While first quarter 2013 farm income and capital spending were higher than expected across the Midwest and Mid-South than first quarter 2012, agricultural lenders remained cautious in their expectations for the year ahead amid risks posed by ongoing weakness in the U.S. economy and higher producer input costs, according to the latest Agricultural Finance Monitor published by the Federal Reserve Bank of St. Louis.
The survey for the report was conducted from March 15 through March 29, 2013. The results were based on the responses of 55 agricultural banks located within the boundaries of the Eighth Federal Reserve District. The Eighth District comprises all or parts of the following seven Midwest and Mid-South States: Arkansas, Illinois, Indiana, Kentucky, Mississippi, Missouri and Tennessee. It is broken into four zones: Little Rock, Louisville, Memphis and St. Louis. For this survey, three questions were added to assess potential change in farm sector risks.
On average, lenders across the District reported higher than expected first quarter income and spending.
"Actual farm income, household spending and outlays for capital expenditures all surpassed expectations of District bankers, as did loan repayment rates,” the report stated.
Using variables based on diffusion index methodology, survey results showed realized income versus expected income was 117 versus 86 for the first quarter of 2013 across the District. (In the diffusion index, 101-200 indicates higher realized income—based on survey responses—than a year ago, while 0-99 indicates lower realized income than a year ago. A value of 100 indicates the same as a year ago.)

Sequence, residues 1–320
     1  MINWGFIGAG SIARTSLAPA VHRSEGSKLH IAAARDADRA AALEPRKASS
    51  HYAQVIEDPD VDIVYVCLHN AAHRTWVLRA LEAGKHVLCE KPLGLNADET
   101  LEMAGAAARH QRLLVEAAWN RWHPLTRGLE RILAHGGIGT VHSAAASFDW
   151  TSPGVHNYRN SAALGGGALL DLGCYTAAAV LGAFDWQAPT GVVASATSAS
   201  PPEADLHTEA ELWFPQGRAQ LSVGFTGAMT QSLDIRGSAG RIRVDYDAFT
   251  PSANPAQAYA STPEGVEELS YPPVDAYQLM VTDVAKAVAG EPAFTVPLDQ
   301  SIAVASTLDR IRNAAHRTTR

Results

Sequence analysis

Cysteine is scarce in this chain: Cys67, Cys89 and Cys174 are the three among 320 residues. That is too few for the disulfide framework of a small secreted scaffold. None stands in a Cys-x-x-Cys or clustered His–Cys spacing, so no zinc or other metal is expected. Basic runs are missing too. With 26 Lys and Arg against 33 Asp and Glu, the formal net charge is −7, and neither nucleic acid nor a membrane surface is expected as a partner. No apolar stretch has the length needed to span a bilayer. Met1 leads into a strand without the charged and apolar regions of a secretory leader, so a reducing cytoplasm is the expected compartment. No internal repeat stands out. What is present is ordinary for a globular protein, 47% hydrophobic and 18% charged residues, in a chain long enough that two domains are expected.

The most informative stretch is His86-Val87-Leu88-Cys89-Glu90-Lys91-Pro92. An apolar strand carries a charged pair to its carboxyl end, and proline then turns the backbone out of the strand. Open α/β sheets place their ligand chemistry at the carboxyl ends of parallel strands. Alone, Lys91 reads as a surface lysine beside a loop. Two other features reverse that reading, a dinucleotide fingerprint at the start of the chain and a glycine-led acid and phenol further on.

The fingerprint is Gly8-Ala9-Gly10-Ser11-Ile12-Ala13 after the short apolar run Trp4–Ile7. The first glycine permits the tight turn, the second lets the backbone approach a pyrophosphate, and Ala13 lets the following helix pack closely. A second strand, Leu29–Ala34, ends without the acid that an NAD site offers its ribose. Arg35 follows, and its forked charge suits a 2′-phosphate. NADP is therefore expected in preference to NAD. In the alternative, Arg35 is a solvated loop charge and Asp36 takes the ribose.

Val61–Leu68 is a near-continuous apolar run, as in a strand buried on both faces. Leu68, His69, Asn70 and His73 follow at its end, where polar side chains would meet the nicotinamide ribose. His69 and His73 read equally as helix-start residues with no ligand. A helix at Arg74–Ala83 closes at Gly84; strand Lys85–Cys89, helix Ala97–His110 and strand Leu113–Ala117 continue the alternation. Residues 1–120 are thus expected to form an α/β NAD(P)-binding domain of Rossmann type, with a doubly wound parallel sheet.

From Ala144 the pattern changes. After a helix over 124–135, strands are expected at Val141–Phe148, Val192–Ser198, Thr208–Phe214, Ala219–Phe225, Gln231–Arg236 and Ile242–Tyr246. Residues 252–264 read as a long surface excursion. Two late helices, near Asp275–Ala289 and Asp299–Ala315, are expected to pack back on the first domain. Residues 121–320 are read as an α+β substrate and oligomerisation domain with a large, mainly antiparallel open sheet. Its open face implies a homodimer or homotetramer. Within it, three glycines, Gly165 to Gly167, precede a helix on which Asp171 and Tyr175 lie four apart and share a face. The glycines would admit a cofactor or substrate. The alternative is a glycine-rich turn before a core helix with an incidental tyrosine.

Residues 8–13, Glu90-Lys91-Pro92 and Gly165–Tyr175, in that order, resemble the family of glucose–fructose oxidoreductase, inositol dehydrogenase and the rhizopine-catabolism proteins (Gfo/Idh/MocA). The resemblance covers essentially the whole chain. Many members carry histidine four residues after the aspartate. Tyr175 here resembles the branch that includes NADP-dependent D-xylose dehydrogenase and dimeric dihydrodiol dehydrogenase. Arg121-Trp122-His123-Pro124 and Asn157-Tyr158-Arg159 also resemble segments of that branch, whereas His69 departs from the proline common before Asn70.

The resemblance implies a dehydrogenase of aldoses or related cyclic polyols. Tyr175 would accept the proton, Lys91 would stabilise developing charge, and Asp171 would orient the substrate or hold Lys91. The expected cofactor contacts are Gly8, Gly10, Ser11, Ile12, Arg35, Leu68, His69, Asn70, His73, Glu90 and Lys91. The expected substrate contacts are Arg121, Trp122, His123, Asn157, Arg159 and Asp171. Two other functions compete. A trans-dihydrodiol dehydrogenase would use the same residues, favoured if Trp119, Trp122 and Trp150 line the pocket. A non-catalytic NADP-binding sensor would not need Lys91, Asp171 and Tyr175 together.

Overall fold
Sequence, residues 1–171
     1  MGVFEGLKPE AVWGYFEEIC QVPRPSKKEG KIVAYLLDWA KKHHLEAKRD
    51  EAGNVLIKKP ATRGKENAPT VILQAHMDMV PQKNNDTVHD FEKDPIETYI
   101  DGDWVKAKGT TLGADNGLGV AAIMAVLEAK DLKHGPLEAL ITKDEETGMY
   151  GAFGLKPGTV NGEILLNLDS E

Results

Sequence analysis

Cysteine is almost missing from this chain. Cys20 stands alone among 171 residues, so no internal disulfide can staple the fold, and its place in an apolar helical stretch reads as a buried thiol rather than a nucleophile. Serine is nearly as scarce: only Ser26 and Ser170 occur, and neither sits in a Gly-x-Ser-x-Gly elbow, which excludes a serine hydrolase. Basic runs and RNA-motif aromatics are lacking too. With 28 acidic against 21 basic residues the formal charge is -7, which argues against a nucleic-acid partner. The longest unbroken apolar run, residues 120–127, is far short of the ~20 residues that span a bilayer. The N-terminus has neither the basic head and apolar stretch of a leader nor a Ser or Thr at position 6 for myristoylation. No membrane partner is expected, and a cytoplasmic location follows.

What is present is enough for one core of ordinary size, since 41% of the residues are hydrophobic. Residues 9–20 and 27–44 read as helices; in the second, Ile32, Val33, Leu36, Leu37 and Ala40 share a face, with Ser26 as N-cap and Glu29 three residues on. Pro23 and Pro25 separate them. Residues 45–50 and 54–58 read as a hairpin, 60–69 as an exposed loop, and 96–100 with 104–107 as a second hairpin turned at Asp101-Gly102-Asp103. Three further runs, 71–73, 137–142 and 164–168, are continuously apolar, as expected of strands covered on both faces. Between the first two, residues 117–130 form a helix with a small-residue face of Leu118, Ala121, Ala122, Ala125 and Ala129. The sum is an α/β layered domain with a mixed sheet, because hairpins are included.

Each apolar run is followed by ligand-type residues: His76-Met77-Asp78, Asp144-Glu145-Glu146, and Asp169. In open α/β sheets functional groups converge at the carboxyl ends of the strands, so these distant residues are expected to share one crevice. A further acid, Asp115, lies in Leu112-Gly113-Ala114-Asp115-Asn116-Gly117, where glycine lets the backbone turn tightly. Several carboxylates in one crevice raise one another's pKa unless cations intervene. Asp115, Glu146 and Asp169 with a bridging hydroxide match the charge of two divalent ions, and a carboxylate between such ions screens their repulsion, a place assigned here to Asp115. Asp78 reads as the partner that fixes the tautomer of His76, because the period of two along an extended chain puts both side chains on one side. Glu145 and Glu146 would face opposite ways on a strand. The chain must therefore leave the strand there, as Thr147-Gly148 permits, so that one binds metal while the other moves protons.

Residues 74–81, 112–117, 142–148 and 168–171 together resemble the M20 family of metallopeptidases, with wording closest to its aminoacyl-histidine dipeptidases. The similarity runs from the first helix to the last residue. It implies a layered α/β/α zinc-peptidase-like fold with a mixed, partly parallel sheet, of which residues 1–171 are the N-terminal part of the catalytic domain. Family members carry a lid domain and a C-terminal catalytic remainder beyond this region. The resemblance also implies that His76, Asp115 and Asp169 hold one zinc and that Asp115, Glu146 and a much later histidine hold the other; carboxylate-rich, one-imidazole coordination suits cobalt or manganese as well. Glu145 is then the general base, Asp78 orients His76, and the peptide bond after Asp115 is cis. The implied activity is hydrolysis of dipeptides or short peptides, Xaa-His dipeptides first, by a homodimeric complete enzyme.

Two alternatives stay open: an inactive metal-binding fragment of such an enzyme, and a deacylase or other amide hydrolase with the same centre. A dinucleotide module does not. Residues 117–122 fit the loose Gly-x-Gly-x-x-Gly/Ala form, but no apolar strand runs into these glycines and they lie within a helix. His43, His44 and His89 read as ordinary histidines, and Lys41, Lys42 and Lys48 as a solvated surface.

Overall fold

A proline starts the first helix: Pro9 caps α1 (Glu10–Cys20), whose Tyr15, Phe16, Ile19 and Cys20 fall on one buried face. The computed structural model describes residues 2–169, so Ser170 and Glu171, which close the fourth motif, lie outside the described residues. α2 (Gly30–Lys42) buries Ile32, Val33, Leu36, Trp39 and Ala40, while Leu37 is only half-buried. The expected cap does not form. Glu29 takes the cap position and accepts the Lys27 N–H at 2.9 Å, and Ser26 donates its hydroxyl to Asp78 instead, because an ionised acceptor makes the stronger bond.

Broken down by zone, the diffusion index for realized versus expected income was 120 versus 100 in Little Rock; 100 versus 83 in Louisville; 163 versus 113 in Memphis, and 100 versus 71 in St Louis.
In regard to capital spending across the District in the first quarter, the diffusion index was 128, compared with a previously expected value of 89. By zone, the diffusion index for realized versus expected capital spending was 140 versus 100 in Little Rock; 133 versus 83 in Louisville; 163 versus 100 in Memphis, and 106 compared with 82 in St. Louis. Meanwhile, household spending across the District saw a realized value of 129, compared with an expectations value of 109.
Looking ahead to the second quarter of 2013, lenders indicated they cautiously expected farm income, as well as capital and household spending, to be about the same, or slightly lower, than a year ago.
Meanwhile, reported quality farmland, ranch and pastureland prices in the Eighth District were down slightly relative to last quarter’s price expectations. However, looking forward into second quarter 2013, lenders expected prices to rise slightly.
“As in our previous three surveys, bankers, on net, expect land values and cash rents to continue rising,” the report said. “However, it appears that banker expectations for future land value increases have moderated somewhat as fewer responses indicate that agricultural land values will continue to climb over the next quarter. Following that trend, bankers have also moderately tempered their short-term expectations for cash rents across the District.”
Lenders estimated that overall District quality farmland prices for the first quarter 2013 decreased by an average 2.3 percent to $5,111 per acre, compared with fourth quarter 2012. Meanwhile, ranch or pastureland prices decreased by an average of 5.1 percent to $2,274 per acre. Similarly, cash rents of quality farmland declined an average of 8.6 percent to $171 per acre, while ranch or pastureland prices fell an average of 4.5 percent to $120 per acre.